Abstract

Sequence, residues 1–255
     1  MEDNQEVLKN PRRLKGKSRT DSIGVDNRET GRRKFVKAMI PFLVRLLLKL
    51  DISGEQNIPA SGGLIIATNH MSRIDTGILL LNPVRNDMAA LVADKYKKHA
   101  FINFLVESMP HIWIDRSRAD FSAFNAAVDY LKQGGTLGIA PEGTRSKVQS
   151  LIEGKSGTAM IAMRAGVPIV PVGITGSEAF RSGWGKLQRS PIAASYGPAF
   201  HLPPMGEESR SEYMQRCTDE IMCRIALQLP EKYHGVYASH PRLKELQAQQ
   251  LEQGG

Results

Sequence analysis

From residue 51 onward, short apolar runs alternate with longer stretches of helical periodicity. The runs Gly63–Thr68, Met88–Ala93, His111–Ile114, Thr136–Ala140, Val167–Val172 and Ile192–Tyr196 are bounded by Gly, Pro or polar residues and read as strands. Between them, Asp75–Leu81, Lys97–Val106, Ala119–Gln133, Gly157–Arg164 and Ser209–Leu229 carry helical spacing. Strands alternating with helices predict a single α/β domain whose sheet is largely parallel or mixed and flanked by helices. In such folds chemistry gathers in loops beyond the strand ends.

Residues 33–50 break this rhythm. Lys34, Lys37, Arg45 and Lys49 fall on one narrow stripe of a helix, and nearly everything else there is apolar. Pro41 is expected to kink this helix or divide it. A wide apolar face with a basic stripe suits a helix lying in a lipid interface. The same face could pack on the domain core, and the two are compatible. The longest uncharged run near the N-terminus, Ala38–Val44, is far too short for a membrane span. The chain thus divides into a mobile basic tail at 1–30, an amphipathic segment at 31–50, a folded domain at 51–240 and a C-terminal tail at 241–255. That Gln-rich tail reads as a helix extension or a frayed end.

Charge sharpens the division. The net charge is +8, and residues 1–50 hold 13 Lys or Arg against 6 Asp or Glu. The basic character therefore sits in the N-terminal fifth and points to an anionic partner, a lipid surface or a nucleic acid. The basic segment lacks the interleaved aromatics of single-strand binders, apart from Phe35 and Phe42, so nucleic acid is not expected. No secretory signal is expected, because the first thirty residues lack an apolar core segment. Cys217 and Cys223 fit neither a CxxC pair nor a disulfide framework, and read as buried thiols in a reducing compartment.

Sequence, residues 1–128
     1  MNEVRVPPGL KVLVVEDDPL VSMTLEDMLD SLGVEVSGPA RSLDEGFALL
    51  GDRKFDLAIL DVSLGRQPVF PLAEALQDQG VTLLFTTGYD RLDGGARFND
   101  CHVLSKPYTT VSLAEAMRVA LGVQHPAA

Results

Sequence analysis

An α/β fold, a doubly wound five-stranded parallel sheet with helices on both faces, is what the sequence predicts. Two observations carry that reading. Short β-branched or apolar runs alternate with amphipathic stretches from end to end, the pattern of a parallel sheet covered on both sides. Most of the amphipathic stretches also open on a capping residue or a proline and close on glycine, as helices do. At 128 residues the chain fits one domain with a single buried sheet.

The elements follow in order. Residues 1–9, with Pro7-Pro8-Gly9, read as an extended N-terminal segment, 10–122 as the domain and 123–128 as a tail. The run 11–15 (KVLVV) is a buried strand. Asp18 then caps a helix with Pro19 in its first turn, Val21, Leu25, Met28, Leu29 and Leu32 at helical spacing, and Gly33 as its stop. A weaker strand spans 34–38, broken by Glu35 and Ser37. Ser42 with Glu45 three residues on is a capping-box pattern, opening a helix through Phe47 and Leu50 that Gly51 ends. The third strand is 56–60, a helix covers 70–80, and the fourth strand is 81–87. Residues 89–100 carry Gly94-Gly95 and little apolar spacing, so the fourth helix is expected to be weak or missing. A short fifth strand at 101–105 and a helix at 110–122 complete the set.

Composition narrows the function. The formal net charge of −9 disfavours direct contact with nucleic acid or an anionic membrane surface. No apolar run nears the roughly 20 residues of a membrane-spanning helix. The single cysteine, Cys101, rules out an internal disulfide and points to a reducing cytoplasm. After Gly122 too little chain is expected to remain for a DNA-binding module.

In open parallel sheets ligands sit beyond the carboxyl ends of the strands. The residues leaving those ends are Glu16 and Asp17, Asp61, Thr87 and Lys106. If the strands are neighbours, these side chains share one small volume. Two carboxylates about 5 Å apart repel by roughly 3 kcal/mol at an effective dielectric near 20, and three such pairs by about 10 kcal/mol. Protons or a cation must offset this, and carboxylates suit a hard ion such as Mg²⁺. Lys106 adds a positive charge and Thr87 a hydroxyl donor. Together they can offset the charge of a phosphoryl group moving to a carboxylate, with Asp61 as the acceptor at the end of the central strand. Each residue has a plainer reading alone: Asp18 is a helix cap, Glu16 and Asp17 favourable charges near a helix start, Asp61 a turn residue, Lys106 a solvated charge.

Late Miocene–Pliocene eclogites were exhumed in the Woodlark Rift of eastern Papua New Guinea, an actively extending region west of the Woodlark Basin seafloor spreading center. We report the discovery of coesite in late Miocene eclogite from the lower plate of one of the D'Entrecasteaux Islands metamorphic core complexes within the Woodlark Rift. Zircon crystallization temperatures (650–675 °C) and 238U/206Pb age (ca. 8 Ma), and rutile thermometry (695–743 °C) combined with garnet-pyroxene thermometry (600–760 °C) and garnet-pyroxene-phengite barometry (18–27 kbar), indicate that the coesite-eclogite was exhumed from mantle depths (≥90 km) to the Earth's surface at plate tectonic rates (cm yr−1). This late Miocene coesite-eclogite is the youngest exhumed ultrahigh-pressure (UHP) rock on Earth, and its preservation ahead of the westward-propagating seafloor spreading center forces reevaluation of models for UHP exhumation, as well as the geologic and tectonic evolution of the Woodlark Rift.

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